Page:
It sounds like a fun childhood to play with conkers....we did not have chestnuts growing in rural Indiana...more elms and maples. And I do have a picture of my tree flowering although it has not flowered yet this year but should soon.

I finally have a proper post about my tree....I profiled it to learn all about its growing conditions, benefits to nature, uses and folklore....hope you like my American Linden story!

Crafty Green Poet said...

I love horse chestnuts

Helen Gazeley said...

Conkers - irresistible. Always end up in a pocket, where I find them months later.

Angie said...

I was always too lazy to going to the bother of threading the conkers - I used to steal my brothers and his friends. Thanks for hosting Lucy.

Gary Davis said...

My memories of conkers at school are painful! It was played as a full contact marshal art, Kung Fu Numchucks had nothing on conkers :-) Having said that I cannot walk past one laying on the ground without picking it up and taking it with me. the greasy, wax feel of it when you put your hand in your pocket is somehow so comforting and when in spring you put on the jacket you haven't worn all winter it is still there but shrunken and dried out it is still comforting. Thanks Lucy for a thought provoking post.

Amy Myers said...

I've never lived around horse chestnuts; they do sound like very useful trees in their way ;-)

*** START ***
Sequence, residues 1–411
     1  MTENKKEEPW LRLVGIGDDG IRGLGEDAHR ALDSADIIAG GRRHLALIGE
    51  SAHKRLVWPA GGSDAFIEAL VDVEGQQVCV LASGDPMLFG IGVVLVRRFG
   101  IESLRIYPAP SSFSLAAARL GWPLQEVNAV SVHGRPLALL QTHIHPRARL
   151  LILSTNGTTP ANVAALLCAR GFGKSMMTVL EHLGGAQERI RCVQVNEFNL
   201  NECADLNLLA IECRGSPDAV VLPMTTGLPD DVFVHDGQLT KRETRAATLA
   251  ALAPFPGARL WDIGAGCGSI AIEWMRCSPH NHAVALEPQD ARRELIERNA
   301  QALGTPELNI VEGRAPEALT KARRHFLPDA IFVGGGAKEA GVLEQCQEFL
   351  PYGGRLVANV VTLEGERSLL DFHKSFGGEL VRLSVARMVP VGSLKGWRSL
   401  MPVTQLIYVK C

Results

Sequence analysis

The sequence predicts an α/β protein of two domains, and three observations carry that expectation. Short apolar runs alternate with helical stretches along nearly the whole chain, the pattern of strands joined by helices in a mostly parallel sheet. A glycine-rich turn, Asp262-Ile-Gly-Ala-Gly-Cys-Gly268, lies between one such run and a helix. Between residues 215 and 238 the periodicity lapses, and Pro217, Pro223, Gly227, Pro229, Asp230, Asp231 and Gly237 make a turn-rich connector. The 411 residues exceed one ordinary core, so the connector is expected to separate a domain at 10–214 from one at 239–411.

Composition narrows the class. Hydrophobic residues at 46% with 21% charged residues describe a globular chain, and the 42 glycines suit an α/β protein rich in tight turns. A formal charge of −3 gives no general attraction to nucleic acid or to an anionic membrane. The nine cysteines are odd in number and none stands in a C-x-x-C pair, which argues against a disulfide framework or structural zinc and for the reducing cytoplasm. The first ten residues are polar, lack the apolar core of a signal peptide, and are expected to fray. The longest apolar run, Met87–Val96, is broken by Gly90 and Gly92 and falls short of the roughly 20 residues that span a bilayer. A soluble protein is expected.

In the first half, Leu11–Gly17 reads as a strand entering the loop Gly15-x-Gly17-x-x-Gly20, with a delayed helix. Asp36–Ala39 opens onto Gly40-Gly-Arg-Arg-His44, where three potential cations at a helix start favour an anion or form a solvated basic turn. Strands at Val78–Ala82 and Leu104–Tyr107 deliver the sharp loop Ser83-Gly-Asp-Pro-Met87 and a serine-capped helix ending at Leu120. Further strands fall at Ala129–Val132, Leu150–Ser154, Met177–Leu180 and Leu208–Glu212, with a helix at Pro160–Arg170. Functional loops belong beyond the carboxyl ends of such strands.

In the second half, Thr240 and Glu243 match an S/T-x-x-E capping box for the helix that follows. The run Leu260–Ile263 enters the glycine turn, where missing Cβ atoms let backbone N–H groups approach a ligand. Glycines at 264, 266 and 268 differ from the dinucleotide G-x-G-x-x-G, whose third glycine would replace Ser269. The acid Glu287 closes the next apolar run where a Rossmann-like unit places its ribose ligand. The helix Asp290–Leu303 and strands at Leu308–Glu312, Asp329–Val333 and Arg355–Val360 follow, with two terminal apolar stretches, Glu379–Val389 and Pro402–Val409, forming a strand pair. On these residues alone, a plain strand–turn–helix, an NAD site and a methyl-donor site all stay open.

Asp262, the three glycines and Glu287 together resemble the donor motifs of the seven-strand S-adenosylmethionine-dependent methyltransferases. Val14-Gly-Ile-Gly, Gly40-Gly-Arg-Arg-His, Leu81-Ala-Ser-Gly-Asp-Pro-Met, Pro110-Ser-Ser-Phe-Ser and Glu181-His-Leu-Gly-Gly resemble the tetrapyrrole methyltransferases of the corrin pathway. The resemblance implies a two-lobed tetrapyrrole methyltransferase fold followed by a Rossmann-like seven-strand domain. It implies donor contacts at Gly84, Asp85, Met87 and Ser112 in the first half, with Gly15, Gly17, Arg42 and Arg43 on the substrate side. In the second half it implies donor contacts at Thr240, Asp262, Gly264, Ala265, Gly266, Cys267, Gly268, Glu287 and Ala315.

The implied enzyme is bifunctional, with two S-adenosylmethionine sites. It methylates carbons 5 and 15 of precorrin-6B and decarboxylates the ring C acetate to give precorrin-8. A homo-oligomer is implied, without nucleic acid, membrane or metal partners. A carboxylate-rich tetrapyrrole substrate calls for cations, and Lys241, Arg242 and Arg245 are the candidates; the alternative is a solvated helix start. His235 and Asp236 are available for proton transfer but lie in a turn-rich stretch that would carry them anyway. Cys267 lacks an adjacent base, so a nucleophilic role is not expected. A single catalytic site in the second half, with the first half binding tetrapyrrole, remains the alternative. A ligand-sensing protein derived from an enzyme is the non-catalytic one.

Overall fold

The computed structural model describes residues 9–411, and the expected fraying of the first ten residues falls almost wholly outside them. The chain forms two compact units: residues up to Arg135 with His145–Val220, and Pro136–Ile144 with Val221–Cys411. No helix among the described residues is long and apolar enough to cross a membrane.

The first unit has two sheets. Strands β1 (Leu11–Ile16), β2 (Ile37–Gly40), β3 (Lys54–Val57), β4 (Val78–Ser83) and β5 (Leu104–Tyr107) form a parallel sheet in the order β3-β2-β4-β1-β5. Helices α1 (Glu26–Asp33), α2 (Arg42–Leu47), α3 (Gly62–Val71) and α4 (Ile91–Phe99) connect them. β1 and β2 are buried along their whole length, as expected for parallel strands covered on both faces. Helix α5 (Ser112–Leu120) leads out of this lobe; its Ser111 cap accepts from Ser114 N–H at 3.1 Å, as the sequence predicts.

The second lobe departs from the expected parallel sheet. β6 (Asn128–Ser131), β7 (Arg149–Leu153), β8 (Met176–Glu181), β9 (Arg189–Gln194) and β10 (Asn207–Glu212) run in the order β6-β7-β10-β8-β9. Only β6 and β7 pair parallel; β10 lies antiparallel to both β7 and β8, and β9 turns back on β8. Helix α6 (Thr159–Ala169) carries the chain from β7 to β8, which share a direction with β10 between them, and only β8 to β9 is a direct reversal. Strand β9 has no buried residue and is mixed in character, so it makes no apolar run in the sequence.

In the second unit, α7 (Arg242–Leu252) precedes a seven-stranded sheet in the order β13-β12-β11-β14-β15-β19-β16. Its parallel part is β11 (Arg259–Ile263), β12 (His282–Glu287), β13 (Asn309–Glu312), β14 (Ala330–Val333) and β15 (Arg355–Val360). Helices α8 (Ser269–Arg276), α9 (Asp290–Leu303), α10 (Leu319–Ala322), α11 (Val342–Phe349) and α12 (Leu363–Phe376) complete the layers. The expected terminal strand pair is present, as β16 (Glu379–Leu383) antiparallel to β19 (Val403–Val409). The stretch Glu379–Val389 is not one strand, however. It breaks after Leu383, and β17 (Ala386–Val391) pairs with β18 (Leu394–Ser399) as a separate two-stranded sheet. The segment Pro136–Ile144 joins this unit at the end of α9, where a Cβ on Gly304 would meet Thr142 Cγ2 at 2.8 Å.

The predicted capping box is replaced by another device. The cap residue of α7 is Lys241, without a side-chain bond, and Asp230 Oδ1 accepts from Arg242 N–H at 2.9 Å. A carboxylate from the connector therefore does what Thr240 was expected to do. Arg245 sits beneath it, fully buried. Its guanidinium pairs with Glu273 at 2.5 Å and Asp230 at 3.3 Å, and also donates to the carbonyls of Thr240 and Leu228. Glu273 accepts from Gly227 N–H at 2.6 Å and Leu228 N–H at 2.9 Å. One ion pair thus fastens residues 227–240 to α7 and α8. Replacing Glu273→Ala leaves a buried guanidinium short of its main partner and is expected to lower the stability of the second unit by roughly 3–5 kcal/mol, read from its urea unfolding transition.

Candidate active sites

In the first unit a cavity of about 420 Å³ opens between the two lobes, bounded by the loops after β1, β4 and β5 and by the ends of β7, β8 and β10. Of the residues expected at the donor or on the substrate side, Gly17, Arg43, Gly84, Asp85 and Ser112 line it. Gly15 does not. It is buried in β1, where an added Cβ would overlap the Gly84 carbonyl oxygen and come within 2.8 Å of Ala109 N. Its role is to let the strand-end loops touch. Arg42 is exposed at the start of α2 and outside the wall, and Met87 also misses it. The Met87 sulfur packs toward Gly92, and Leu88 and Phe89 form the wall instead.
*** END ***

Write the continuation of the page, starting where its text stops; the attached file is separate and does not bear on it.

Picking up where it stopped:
My little Parkinsonia is now proved to have been several, and you are quite right about fruits and such as many of the pods are ripened now!

gardendreamingatchatillon said...

I remember trying to stick pins in them to make conkers - and yes, it was more 'hacked about' than successful. My walnut mystery is still a mystery. Thanks for hosting Lucy!

Brian Skeys said...

Horse chestnut candles are such a wonderful sight. We are fortunate to have one in our neighbours garden.

jeansgarden said...

Your horse chestnut flowers don't look all that tatty to me. These look pink; I think I've only seen them in white before.

feliximgarten said...

It is so amazing to see the whole season condensed - from a bare tree to full blooms to ripe fruit, be it conkers or quince.
Inetresting, too, how different the trees are in their schedules. Some are bearing their fruit already, while your horse chestnut is still in bloom. Linden will be flowering even later.
You got me hooked, I love tree following!

telltaletherapy said...

Lovely intro Lucy to another month of tree following - looking for blossom but none for mine yet - as for conkers, they never lose the thrill of the glimpse inside

wordsandherbs said...

Hi Lucy. Yes, nothing quite like finding the shiny conkers while shuffling through crispy autumn leaves, and the flowers are always such a lovely sight in spring too. My maple has such insignificant flowers in comparison!

Anna said...

We have a chestnut tree at the top of the lane leading from our house up to the main road Lucy. I still look out for those first conkers and get ridiculously excited when I discover them.

beangenie said...

I just made it!

(post written just over a week ago, but I've been away - in Shetland and, yes, the 'treeless' thing is a myth)

novascotiaroots said...

My little one brooded over what to say this month - apparently we need to work on her typing speed!! Loving all of the other trees!!

Pat Webster said...

Talk about squeezing under the wire -- I think the June link box will close in an hour or two. Anyway, I made it!
I also made an error on my link. If you find yourself reading about a little corkscrew hazel, ignore it. That was my June entry for 2015. (What can I say, it's been a VERY busy few weeks.)

I'm looking forward to having some time to read everyone's entries for the month. Keep them coming!